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More Capital Blunders

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To the editors:

Thanks for your article on John Healey, Executive Director of Amnesty International USA [Our Town, August 11]. We would like to acknowledge Joel Lederer, the young photographer responsible for the photos accompanying Dan Liberty's article.

Thanks also to everyone who called or wrote to the governor of Louisiana on behalf of Ronald Monroe, who was scheduled to be executed at the end of this month. Gov. Charles "Buddy" Roemer has since commuted Monroe's death sentence to life imprisonment, with no chance for parole.

There is compelling evidence suggesting that Monroe, who has a fullscale IQ of 77, was innocent of the crime for which he was convicted, yet he came very close to dying for it anyway. Despite this country's complex system of appeals, many innocent people have been convicted of capital crimes. A 1987 research study by Hugo Adam Bedau and Michael Radelet found 350 cases, between 1900 and 1985, of defendants wrongly convicted of capital crimes. They found 23 wrongful executions. Many other cases were considered but omitted from the final statistics, owing to insufficient data.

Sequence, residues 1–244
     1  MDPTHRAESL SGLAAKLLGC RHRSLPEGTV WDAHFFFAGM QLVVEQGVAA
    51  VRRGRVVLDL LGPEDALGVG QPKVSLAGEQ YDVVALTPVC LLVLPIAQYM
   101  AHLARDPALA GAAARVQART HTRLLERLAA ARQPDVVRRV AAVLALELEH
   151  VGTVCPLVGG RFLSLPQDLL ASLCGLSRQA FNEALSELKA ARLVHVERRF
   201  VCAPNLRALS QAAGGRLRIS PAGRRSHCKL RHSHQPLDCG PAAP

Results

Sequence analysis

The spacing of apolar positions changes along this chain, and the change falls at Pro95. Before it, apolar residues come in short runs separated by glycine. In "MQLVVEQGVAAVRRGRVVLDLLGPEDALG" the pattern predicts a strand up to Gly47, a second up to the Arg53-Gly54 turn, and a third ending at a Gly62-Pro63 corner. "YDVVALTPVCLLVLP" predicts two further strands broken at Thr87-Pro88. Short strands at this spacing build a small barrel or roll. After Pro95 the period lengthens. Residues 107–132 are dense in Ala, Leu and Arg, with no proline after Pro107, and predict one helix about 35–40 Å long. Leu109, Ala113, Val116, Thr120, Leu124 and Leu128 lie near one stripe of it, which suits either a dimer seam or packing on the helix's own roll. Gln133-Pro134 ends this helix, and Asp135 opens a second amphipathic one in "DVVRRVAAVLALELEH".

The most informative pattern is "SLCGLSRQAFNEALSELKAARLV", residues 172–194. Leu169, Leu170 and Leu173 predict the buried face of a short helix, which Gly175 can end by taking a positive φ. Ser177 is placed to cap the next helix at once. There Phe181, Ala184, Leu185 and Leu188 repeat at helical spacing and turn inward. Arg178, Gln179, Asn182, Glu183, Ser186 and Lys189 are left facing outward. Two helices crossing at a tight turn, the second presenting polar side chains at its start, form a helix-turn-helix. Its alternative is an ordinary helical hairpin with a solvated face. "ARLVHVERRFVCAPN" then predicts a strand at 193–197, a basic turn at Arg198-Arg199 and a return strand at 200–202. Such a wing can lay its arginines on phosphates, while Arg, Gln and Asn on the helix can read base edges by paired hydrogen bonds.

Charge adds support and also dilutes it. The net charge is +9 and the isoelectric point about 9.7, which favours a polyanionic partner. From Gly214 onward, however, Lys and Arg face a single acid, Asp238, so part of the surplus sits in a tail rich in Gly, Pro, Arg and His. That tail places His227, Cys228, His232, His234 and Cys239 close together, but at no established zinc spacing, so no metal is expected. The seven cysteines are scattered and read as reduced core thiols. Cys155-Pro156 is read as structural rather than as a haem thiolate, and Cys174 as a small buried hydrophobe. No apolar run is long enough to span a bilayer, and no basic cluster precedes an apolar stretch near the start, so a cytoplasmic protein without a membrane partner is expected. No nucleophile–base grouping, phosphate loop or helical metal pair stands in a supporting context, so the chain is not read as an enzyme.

At least nine other cases have come to light since 1985, in which prisoners who had been sentenced to death were released from prison after their guilt was brought into question. If mistakes of this magnitude can happen here, despite all the legal safeguards designed to prevent these irrevocable errors, imagine how many innocent people have been put to death in countries where there are no appeals and "justice" is carried out more swiftly!

Judy Hatcher

Amnesty International USA

Chicago

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